Some unexpected November sunshine was forecast and Team Matilda took advantage of the mild weather for a tandem ride to admire the stunning architecture of the new V&A museum in Dundee.
I was very excited because the “old git” informed me that the V&A Dundee was designated Scotland’s first design museum – and being a bit of a design icon (of a tandem!) myself I thought it would be right up my street (or cycle path!) You never know – they might want a new exhibit for their displays!
And just to make the trip more interesting the “old git” decided on starting the trip at Errol – at the Cairn O’Mhor fruit winery – giving a nice round trip of just over 25 miles with the “old git” promising the “old gal” a carrot of ending back at the winery for a civilised afternoon coffee at the AliBob Cafe. Don’t say he doesn’t know how to treat my stoker!
You can check out the details of our route by clicking on the Strava map below.
The winery has been producing its well-known brand of Scottish fruit wines since 1987 and is a key visitor attraction in the area – offering various tours and tastings. The cycle-conscious owners have even created their own cycle path to make it easier for visitors to get there.
My dynamic crew soon picked up speed as we tandemed away from Errol towards Dundee on the quiet country roads which make up Sustrans Scotland NCN Rt77. The “old gal” and “old git” were enjoying the tail wind and we were soon pedalling into Dundee on the riverside esplanade with the new V&A museum in our sights right on the waterfront.
The imposing £80 million building – which opened in mid September – has been designed to look like a giant ship by the acclaimed Japanese architect Kengo Kuma.
It is built beside Discovery Point with the three masts of the wooden Royal Research Ship Discovery, which was captained by Robert Falcon Scott on his first journey to the Antarctic in 1902, creating an interesting old and new juxtaposition.
The V&A Dundee is the first design museum in Scotland and the first Victoria and Albert museum outside London. At the heart of the museum, the Scottish Design Galleries feature 300 exhibits drawn from the V&A’s rich collections of Scottish design, as well as from museums and private collections across Scotland and the world.
As Scotland’s first design museum, V&A Dundee describes its aim as telling “a global story, investigating the international importance of design alongside presenting Scotland’s outstanding design achievements.”
It is expected to attract 500,000 visitors in its first year, providing the city of Dundee with a big economic boost. It was good to see the area looking so busy with tourists. This “old lady” even managed to catch a bit of attention from those visiting! But my dynamic crew didn’t venture inside – deciding to leave that for another occasion when not wearing cycling gear!
After touring the outside of the eye-catching new V&A museum it was time for the return journey back to Errol. But guess what? Yes, my dynamic crew now found themselves pedalling into a rather fierce headwind. “Why do we always hit a headwind on our return journey?” asked the “old gal.” But for once the “old git” didn’t have an answer!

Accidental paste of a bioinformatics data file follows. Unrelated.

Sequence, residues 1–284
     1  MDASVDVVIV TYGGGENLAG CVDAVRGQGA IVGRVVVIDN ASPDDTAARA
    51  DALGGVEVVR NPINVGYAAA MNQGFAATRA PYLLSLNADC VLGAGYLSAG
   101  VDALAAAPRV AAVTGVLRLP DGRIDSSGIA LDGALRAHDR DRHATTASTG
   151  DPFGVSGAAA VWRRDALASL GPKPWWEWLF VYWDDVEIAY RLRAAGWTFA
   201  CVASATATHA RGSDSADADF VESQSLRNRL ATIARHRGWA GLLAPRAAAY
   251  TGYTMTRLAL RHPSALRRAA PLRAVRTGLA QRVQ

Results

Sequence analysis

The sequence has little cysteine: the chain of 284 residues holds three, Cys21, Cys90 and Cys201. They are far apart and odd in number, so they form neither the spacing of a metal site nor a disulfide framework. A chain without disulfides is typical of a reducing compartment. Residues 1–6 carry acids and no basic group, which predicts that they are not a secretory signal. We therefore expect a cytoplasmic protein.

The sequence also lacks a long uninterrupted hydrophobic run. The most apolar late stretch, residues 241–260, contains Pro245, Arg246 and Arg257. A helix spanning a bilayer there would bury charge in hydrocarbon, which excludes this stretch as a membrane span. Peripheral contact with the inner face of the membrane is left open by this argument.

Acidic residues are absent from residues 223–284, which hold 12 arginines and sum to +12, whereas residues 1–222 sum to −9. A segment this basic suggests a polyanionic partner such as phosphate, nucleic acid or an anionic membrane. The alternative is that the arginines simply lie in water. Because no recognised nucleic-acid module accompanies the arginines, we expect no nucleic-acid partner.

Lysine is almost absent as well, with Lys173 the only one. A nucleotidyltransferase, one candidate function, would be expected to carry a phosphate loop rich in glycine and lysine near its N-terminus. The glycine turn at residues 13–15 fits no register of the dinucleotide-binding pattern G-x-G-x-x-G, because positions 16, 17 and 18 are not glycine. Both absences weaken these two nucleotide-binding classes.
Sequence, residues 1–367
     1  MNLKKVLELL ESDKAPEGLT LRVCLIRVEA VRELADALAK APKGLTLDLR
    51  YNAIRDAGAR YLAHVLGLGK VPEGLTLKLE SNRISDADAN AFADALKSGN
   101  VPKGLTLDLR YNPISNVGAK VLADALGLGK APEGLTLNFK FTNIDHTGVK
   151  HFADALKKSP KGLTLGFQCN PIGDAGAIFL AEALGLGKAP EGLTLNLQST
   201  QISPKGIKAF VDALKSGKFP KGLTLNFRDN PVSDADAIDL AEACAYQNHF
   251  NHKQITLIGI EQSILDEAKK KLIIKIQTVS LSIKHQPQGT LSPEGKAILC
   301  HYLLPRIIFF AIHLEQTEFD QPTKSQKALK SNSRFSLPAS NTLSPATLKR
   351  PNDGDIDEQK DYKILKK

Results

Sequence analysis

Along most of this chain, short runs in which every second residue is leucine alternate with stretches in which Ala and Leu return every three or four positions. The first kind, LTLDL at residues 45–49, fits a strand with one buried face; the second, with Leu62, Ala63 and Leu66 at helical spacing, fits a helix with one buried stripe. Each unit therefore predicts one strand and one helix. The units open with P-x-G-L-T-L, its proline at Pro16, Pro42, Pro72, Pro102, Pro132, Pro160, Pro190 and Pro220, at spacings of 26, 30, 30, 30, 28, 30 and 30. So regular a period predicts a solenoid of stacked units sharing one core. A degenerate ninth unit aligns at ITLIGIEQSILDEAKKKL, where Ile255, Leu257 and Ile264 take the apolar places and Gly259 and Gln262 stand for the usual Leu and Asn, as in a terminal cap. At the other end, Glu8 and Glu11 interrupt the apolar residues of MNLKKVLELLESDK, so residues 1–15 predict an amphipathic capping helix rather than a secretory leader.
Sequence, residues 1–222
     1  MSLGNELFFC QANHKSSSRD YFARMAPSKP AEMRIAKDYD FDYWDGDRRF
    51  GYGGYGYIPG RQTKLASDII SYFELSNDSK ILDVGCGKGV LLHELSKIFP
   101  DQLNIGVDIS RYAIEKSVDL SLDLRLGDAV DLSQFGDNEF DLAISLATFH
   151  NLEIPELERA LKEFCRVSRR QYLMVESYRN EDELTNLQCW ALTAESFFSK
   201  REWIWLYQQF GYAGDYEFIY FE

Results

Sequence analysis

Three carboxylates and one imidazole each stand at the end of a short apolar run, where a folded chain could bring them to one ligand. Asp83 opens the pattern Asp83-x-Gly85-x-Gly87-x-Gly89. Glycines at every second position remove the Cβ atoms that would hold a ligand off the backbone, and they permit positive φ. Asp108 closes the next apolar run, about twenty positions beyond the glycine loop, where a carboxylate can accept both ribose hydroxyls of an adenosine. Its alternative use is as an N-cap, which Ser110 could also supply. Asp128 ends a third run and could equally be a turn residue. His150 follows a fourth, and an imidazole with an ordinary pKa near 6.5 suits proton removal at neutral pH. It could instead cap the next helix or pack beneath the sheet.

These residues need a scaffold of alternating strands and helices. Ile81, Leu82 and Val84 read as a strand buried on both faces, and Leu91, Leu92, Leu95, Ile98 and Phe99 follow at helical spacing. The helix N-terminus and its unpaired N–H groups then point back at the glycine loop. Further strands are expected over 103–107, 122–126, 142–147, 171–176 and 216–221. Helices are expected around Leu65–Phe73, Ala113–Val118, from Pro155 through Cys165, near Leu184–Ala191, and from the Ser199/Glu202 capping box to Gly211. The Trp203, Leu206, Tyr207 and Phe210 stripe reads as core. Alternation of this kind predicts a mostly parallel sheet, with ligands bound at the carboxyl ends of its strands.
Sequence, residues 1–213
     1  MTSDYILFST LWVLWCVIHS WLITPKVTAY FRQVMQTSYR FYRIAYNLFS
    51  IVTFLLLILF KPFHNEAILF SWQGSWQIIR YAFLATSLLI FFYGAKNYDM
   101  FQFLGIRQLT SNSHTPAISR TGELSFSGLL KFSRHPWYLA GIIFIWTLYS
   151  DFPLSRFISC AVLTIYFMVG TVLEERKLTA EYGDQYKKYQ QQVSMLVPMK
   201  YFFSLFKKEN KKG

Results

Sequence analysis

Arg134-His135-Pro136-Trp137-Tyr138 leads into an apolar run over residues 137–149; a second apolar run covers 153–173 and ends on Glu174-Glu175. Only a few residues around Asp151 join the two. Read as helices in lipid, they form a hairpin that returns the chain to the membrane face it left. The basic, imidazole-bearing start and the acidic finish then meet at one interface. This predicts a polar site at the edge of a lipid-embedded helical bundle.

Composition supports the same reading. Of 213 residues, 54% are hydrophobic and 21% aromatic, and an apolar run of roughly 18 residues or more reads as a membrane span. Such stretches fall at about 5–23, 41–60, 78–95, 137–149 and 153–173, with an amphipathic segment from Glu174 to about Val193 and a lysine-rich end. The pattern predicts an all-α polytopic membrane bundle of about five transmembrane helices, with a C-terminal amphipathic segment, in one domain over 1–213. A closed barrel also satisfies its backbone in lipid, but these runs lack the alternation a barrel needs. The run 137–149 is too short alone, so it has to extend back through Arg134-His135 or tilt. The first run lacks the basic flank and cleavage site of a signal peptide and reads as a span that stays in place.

The wind certainly slowed our speed as we headed back along the waterfront, past the airport and out through Invergowrie. Here the route gives impressive views of the River Tay which is some 4.5 kilometres wide at this point. Interestingly the NCN Rt77, which links Dundee with Pitlochry, is also known as the salmon run – and it was easy to see why at this point.
The afternoon sun created some interesting long shadows of Team Matilda in action, which the “old gal” managed to capture as we pedalled along enjoying the relatively flat and stunning Carse of Gowrie countryside – including a perfectly symmetrical tree lined avenue where the “old git” had to stop for a photo opportrunity.
After battling the headwind, returning to the Cairn o’Mhor fruit winery provided my dynamic crew with a perfect sanctuary to refuel and recover – the fantastic AliBob Cafe which offers an amazing range of memorable and tasty treats. And the the temperature was so mild Team Matilda were able to sit outside and enjoy the late afternoon sunshine!
The “old git” and “old gal” decided they had to sample the local speciality of steamin’ scones. Yes they were served warm but the steamin’ relates to the fact that the raisins are soaked in the wine before baking! And I am told they were very yummy! There was also a far too tempting range of cakes on offer – which my dynamic crew decided it would have been rude not to taste! So naturally they opted for a slice of carrot cake … so loved by tandemers everywhere!
Back in Matilda Transport, before we headed back to Matildas Rest, the “old git” checked Strava which officially recorded the ride as being worthy of no less than 25 gongs – which given the fierce headwind on the return journey is nothing short of astonishing! The total was made up of 11 personal bests and 14 second bests.
The detailed Strava figures showed my dynamic crew tandemed a distance of 25.2 miles with a moving time of 1 hour 56 minutes. The average speed was a healthy 13.0 mph while the elevation was a modest 386 feet. The maximum speed was 23.5 mph given the relatively flat terrain and Team Matilda managed to burn up 1002 calories and produce an average power output of 129 W.
As always the route and pictures are brought to life in our Relive 3D video – so take a look below.
Another great tandem day out in November sunshine for Team Matilda. My spokes are crossed for a mild and dry Autumn and Winter so we can keep up those miles (and smiles).